Female Condom Success Story Takes New Form

HARARE – Zimbabwe’s Ministry of Health is currently gathering evidence on acceptance of a new Cupid Female Condom before rolling it out.

The female condom is known as a ‘life-saving device’ that is initiated by females. Zimbabwe was among the first countries to introduce the female condom in 1997 as a woman-controlled method to prevent sexually transmitted infections, including HIV, and unintended pregnancy.

“The roll-out of the female condom has been very successful in Zimbabwe and the country is rated among the highest for its female condom uptake.

Over five million female condoms are used annually,” said Anna Machiha of the Ministry of Health’s AIDS and TB unit. The study of the new female condom is being conducted in partnership with UNFPA. If accepted, the Ministry will introduce it thereby widening the choice of female condoms in the public sector.

“The study seeks to assess the satisfaction and suitability of the Cupid Female Condom, learn about its advantages and disadvantages from the perspectives of its users. This includes perceptions of women regarding their ability to negotiate for its use in long term-relationships,” said the UNFPA country representative in Zimbabwe.

Supply, delivery, and demonstrating use

Supply and delivery of female condoms, both in the public and social sector, is well coordinated and implemented by the Zimbabwe National Family Planning Council. Deliveries are made to health facilities, universities and colleges. The female condom is distributed to retailers, pharmacies and hair salons. Service providers place them at strategic places where consumers can access them.

Given that demonstrating use of female condom is crucial – if people are confident how to use it they are more likely to use it – the government has built the capacity of service providers to ensure correct use.

Communication and information materials – including condom models to demonstrate female condom use – have been developed and are being used to raise awareness at public events such as the Zimbabwe International Trade Fair and agricultural shows.

Training of trainers among communities has also helped create awareness of the female condom and demonstrated its use. Anna (not her real name), who is a trained peer educator for women sex workers in Harare, says that condom demonstrations have proved useful. “Most of the women we trained say the female condom is safe and protects them from disease,” she said.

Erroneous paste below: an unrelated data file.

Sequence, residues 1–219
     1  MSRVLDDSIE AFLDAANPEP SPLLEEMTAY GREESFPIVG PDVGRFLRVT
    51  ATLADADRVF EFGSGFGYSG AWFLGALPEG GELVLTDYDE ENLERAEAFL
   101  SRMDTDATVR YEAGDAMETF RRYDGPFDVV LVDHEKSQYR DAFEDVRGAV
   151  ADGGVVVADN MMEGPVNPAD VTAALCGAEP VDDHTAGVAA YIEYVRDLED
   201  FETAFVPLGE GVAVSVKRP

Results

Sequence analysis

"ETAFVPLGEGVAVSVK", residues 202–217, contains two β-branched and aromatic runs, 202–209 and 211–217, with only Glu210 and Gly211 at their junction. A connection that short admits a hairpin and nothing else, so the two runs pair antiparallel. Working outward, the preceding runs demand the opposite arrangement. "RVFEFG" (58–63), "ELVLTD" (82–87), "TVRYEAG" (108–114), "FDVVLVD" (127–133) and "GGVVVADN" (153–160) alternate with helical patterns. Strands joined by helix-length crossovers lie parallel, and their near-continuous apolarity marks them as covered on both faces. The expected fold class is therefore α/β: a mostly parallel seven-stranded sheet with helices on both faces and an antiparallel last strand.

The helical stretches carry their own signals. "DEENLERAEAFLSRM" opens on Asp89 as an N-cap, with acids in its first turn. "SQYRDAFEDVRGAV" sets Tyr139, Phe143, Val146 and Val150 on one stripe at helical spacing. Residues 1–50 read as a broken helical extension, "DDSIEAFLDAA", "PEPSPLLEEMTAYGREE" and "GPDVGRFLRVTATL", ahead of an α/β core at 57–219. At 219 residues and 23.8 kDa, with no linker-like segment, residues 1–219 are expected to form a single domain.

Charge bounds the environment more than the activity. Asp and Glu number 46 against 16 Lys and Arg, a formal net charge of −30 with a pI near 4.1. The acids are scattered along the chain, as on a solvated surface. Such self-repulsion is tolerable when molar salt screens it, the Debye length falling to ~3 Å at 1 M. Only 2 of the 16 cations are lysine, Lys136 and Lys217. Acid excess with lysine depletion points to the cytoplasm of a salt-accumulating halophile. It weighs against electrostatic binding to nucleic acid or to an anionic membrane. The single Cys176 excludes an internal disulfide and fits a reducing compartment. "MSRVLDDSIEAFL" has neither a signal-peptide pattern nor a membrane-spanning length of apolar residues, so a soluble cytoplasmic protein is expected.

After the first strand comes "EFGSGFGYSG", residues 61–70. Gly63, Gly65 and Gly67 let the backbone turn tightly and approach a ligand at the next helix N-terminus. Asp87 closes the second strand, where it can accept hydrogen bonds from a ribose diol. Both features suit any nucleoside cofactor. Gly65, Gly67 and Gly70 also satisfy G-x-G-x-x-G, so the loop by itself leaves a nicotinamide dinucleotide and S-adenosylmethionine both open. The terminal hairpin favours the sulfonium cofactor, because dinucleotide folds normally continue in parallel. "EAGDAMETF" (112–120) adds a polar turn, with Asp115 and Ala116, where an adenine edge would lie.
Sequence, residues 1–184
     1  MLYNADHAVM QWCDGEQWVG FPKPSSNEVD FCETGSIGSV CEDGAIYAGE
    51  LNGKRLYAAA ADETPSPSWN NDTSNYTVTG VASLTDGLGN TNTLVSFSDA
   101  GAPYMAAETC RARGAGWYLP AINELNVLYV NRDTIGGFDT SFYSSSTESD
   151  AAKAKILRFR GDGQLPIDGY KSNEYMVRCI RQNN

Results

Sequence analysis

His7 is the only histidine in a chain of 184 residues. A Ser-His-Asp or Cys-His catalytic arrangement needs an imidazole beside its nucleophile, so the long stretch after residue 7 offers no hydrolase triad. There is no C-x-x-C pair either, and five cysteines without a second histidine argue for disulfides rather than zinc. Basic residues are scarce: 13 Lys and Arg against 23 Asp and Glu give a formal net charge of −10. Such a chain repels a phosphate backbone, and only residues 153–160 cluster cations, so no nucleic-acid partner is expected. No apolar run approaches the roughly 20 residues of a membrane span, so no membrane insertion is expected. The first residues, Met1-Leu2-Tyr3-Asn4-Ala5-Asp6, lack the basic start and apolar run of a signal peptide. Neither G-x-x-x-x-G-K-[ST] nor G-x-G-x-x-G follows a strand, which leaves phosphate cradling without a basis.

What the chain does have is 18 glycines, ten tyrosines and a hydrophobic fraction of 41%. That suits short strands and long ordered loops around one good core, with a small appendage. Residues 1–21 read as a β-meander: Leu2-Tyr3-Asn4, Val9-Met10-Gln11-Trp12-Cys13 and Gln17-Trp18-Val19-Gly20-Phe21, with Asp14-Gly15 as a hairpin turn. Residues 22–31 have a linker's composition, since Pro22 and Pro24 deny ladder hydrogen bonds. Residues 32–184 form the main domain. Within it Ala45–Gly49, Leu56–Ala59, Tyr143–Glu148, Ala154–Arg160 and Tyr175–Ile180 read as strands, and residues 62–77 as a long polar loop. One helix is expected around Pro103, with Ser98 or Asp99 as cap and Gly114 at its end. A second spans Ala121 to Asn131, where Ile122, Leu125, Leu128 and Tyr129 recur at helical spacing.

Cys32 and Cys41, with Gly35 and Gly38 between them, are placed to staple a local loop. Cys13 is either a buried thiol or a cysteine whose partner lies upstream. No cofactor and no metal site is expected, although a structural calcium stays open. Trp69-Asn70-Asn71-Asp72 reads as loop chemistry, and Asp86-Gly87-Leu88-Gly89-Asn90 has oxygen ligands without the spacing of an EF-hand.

Reaching women through hair salons

Populations Services International has been a key partner of the Ministry’s female condom programme since its inception in 1997. By the end of 2014, PSI had sold over 20 million female condoms in Zimbabwe. According to Kumbirai Chatora, social marketing director of PSI-Zimbabwe, most had been sold through hair salons.

“We realised that hair salons offer a comfortable environment to talk to women about the female condom – how it gives women more control and puts them in charge of their health. It’s theirs to use and insert just like a tampon,” she said.

Since 2001, PSI Zimbabwe has trained female hair stylists from more than 1,500 salons in low-income areas to promote correct and consistent use of the female condom.

Challenges and Opportunities

Women’s rights activists and NGOs feel that more still needs to be done to promote uptake. According to Tariro Kutadza from Development Aid from People to People, explaining to men and women about female anatomy and how the female condom works can go a long way.

Anna-Colletor Penduka, Women and AIDS Support Network, adds that low uptake is due to varied reasons depending on women’s risk and vulnerability. For instance, she said, gender norms determine what women are supposed to know about sex and sexuality and this limits their ability to measure risk and ensure their own safety.

“Married women expect men to take charge, and hence find negotiating condom use difficult. However, for those who can discuss and negotiate safe sex, the female condom is empowering,” she said. In some cases, she said, husbands cite lobola, or bride price, as an excuse for unsafe sexual practices.

Widening HIV prevention options for women becomes increasingly important where women are unable to negotiate male condom use. Experts say having more choice of female condoms is likely to increase safer sex practices and use of both male and female condoms. 

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